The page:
What does a compassionate community look like and could it become a model for addressing social injustices such as the poverty, housing insecurity, and loneliness in our midst? We’ll discuss how understanding compassion more fully and using it as a driver of social action we are able to transform our communities for the benefit of all members.  
 

RELG 1661: Religion and Popular Culture
Dr. Andrew Wilson

This course examines various points at which religion and culture collide. Various media will be utilized (film, music, fashion, literature) in order to interpret some of the complex relationships that form and maintain contemporary Western identity. Topics covered will include cultural uses of religious symbolism and story, the power of popular piety, and the Western tendency towards consumption and commodification of religious traditions.  
 

RELG 1681: The Quest for Enlightenment: The Search For Perfection in Asian Religions
Dr. Barb Clayton

What is the best life one can live? And what roles do yoga, meditation, Qigong, and other contemplative bodily practices play in this context? Learning with experts from within and beyond our community, members of this experiential learning course will pursue these questions as we work together to understand diverse Asian religions' imaginings of the good life.  
 

RELG 2991A: Sacred Stuff
Dr. Susie Andrews 

What does stuff do for us? This question lies at the heart of our RELG 2991 course. Combining the hands-on study and analysis of diverse objects (clothing, statuary, musical instruments, and talismans, for example) with the examination of key scholarship, class members will explore relations between material culture and religion. In 2022, generous Community Partnership Incentive Fund support will enable us to apply our in-class learning about the ways objects matter to individuals and communities in a delight-filled and growing partnership with local hubs of early childhood education.
 

RELG 2991B: Gender, Religion and Colonialism
Dr. Dani Dempsey for more information


RELG 3921: Contemporary Issues in Eastern Traditions: The Buddhist Philosophy of Happiness
Dr. Barb Clayton

What are the conditions for happiness? This is the question at the heart of our RELG 3921 course. Taking the core values of Gross National Happiness (GNH), a Buddhist philosophy of governance and economics, both as the object of our student and the spirit animating our course collaboration, this year we will investigate Gross National Happiness and other Asian religious perspectives on wellbeing, while also working together to complete projects that bring them to life in our community.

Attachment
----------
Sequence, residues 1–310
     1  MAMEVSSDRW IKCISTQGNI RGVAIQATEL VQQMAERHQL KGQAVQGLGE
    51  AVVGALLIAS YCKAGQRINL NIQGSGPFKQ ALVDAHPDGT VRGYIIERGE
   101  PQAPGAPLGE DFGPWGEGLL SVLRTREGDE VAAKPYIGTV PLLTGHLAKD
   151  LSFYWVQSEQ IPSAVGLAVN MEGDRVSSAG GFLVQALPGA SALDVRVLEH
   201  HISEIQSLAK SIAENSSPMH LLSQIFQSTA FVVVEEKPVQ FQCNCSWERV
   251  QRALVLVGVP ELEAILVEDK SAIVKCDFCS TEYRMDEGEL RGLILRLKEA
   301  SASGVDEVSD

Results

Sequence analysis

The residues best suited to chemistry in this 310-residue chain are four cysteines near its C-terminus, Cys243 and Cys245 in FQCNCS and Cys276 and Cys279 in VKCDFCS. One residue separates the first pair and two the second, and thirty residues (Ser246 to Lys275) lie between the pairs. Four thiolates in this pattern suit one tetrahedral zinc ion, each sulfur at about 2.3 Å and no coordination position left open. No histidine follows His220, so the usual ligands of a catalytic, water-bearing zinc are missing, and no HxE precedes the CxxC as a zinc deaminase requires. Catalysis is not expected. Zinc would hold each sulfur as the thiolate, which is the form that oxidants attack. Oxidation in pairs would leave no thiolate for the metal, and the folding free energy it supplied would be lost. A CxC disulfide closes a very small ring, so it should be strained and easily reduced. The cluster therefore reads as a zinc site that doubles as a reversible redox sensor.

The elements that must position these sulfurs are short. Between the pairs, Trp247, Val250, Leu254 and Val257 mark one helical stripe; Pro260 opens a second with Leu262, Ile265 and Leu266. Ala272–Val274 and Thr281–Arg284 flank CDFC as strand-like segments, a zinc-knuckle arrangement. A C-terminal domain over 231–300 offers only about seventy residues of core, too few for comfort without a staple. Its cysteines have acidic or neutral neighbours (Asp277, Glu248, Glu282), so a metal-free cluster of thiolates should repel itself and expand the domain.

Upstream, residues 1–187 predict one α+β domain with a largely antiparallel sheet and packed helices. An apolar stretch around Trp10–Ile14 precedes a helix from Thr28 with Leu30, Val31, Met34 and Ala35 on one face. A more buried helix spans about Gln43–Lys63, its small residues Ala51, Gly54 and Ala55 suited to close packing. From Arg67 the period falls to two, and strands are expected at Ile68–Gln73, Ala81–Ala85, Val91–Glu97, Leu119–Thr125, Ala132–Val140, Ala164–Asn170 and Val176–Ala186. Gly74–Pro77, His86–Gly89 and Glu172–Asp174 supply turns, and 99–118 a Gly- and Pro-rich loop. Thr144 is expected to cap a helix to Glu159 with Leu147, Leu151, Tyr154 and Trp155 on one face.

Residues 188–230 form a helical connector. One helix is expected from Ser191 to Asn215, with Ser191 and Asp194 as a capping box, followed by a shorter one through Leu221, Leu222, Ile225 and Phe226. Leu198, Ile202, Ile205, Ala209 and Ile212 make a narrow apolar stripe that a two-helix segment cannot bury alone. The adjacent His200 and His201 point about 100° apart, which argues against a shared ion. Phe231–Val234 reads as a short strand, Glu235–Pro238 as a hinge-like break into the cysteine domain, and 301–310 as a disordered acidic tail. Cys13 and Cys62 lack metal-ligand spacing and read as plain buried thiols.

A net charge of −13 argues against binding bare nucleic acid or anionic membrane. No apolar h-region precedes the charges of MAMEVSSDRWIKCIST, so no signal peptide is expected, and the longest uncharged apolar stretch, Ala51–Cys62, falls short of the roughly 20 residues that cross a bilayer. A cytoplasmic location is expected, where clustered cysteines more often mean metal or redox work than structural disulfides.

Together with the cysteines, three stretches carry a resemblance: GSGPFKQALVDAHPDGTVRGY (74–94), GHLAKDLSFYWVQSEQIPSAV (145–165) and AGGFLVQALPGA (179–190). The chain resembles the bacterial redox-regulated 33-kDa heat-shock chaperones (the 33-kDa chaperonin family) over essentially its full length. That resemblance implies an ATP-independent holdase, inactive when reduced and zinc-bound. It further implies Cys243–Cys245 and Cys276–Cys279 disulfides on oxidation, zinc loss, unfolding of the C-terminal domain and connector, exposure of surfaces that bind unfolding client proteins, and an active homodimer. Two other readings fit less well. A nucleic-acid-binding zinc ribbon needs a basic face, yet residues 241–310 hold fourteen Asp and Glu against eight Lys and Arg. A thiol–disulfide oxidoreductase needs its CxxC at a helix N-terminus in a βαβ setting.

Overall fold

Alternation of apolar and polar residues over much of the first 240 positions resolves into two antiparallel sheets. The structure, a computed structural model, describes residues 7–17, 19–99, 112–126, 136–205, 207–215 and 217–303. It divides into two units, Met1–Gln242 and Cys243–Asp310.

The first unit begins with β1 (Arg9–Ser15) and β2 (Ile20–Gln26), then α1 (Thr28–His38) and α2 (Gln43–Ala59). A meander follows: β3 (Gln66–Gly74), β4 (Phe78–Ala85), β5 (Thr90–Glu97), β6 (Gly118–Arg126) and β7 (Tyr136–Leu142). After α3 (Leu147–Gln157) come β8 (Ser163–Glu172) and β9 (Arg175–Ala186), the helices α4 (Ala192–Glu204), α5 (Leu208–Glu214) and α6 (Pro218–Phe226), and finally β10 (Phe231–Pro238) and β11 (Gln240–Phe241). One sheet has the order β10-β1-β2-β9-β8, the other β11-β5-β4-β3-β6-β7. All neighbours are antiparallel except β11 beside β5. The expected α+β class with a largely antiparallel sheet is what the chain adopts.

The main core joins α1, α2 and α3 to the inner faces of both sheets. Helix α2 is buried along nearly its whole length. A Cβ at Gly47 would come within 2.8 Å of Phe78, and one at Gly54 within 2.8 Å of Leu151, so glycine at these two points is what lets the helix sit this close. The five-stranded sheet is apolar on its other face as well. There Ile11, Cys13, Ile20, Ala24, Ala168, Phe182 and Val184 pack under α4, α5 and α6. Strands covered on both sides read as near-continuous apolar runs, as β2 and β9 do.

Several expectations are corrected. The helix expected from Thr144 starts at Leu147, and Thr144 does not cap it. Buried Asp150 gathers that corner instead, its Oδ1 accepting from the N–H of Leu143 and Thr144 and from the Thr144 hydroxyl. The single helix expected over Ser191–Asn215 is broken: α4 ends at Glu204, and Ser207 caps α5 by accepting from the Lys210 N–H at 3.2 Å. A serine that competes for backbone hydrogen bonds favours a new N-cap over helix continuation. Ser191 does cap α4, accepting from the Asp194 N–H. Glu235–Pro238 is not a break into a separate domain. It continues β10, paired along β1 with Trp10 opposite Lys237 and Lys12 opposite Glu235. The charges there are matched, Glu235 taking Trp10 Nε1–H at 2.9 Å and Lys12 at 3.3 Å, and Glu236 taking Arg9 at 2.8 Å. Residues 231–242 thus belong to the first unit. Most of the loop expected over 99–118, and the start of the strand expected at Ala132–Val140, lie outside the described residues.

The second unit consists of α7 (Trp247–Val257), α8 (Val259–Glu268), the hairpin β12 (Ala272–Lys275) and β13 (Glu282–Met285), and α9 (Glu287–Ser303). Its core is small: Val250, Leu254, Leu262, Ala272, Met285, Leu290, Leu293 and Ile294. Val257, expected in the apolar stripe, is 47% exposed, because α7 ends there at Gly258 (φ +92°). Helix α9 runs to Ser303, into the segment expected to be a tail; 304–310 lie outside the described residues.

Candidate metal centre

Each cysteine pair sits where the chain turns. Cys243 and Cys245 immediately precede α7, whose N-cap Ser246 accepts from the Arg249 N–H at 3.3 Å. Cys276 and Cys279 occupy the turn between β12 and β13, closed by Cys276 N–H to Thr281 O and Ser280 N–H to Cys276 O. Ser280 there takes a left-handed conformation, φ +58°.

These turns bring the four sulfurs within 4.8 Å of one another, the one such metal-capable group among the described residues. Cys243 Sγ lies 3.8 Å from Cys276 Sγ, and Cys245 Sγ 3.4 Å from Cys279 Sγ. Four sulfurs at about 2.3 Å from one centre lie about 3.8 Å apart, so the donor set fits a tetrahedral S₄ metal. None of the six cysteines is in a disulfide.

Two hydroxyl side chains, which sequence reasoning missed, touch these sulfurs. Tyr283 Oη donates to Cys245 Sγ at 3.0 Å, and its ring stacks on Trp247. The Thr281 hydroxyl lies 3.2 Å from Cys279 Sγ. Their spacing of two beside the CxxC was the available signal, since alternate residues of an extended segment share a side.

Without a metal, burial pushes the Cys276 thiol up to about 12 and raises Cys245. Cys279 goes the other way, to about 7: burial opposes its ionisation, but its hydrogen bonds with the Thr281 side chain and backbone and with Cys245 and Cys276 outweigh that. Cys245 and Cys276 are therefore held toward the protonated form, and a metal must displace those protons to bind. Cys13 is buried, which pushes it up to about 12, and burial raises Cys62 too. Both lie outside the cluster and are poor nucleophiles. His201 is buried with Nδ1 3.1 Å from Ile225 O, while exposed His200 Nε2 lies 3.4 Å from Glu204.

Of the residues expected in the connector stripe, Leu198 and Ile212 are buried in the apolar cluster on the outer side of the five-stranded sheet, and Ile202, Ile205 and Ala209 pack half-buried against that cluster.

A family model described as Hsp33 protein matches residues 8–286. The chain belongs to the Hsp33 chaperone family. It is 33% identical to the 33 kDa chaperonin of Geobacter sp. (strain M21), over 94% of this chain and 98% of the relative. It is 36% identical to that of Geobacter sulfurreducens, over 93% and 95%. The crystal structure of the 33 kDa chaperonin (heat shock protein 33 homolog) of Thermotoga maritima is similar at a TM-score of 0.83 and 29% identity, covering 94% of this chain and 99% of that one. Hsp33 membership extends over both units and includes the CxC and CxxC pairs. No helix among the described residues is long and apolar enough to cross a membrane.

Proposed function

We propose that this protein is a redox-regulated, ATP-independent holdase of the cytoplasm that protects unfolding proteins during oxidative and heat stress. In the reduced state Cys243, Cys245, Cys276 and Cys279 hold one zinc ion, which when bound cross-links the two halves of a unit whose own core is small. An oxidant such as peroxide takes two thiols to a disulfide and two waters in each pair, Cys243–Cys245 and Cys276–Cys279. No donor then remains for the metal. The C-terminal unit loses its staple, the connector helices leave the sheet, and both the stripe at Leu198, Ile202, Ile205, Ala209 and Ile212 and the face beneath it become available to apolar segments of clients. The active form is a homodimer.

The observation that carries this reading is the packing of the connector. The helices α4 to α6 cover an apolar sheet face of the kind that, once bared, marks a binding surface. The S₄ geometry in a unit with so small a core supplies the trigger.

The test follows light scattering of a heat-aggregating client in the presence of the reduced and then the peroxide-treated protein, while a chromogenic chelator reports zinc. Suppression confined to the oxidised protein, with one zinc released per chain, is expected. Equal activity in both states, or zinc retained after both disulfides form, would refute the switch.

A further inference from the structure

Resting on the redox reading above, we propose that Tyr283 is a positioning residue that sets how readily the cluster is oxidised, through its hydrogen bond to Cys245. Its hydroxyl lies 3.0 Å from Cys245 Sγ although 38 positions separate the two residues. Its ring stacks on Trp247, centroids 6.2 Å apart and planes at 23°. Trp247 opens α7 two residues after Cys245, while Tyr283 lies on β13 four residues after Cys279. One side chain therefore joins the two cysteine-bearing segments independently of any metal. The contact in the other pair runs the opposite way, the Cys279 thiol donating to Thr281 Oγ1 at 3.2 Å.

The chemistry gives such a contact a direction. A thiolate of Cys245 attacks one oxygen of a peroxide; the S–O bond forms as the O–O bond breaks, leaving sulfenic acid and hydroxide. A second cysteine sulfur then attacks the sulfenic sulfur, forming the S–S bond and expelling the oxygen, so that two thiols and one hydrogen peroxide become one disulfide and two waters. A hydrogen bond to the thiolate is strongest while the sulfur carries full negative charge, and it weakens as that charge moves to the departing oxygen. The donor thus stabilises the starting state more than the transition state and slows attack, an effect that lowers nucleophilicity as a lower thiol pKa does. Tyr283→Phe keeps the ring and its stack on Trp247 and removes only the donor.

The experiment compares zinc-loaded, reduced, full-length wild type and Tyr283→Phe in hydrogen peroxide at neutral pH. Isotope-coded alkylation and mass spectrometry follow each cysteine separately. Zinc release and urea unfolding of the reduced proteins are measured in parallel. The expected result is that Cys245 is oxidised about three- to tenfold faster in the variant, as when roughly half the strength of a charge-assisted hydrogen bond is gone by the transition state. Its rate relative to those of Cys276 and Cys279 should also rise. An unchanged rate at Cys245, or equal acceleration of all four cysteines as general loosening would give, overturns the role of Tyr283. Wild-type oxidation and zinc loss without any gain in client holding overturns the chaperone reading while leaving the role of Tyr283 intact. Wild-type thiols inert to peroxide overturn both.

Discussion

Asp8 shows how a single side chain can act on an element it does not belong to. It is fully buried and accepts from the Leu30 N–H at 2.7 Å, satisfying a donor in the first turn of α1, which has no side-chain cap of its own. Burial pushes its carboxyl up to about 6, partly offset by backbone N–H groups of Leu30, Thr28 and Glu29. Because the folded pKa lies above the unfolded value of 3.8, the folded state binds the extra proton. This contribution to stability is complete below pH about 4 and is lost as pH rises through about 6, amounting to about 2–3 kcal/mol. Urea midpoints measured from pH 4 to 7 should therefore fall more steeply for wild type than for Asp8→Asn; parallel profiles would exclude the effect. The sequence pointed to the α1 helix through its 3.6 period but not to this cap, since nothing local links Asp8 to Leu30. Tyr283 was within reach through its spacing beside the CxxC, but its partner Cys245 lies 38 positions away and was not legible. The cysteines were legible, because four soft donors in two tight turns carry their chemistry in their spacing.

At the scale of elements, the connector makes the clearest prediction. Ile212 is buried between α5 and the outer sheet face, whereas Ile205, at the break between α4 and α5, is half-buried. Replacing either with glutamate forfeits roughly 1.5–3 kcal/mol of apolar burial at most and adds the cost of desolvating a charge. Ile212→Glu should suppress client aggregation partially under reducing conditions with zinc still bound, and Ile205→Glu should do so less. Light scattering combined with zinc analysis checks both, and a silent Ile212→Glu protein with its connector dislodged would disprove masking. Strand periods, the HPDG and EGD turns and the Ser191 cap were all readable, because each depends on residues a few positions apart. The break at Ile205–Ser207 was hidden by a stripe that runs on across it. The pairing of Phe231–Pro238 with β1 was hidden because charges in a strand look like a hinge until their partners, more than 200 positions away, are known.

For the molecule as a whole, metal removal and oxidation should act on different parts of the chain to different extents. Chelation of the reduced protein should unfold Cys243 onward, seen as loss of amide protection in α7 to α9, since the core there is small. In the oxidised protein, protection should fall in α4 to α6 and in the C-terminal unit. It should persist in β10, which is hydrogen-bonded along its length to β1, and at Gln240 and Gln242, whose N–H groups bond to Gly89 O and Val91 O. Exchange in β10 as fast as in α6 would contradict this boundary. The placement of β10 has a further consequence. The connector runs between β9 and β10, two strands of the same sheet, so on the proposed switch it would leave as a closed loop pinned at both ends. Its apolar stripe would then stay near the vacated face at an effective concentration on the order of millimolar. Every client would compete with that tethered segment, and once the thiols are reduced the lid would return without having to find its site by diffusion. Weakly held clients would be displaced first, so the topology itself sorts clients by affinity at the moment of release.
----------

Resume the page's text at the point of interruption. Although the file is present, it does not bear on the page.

RELG/CENL 3991A: Religion, Community, Identity
Dr. Andrew Wilson
​​​​ 

This course explores the many complex connections between contemporary identity, relationship and community. Drawing on the wealth of religious thought and tradition, it considers central questions such as what makes a healthy community? How does individual identity relate to community identity? What freedoms, expectations and obligations does living in community bring? And ultimately, to what extent can religion continue to provide guidance in a contemporary secular society? Topics investigate notions of identity alongside such issues as postcolonialism, ecology, nostalgia, ableism, and social mobilization. 
 

RELG 3991B: Ways of Pilgrimage
Dr. Andrew Wilson


This course compares traditions of religious pilgrimage to contemporary instances of journeying, travel and human movement. How does traditional pilgrimage compare with contemporary issues from both within and beyond the traditional religious context? Topics include such diverse examples as the traditional Camino de Santiago pilgrimage route, contemporary eco-tourism, political protest and, secular “civic” religiosity.
 

RELG 4521: Key Religious Texts of East Asia
Dr. Susie Andrews

Rage. Fear. Empathy. Disgust. Joy. Our RELG 4521 course examines how a single religious text--Signs from the Unseen Realm--understands emotions. Working in collaboration with experts across the globe, we will conduct a careful reading of the ways emotion figure in this collection of miracle tales and analyze closely related primary source materials and important secondary scholarship from within and well beyond the field of Religious Studies. In 2022, generous Khyentse Foundation and BDK Canada support will allow class members to apply our in-class learning to partner with local hubs of early childhood education.

Winter 2023

RELG 1621: Death in Asian Religions
Dr. Susie Andrews

 ​​​​This course examines the practices and beliefs concerning death and the afterlife in six religious traditions: Buddhism, Confucianism, Daoism, 'folk' or 'popular' religion, Shinto, and Hinduism. It compares beliefs and practices related to death and the afterlife in these traditions and examines the diversity that exists both between and within these religions.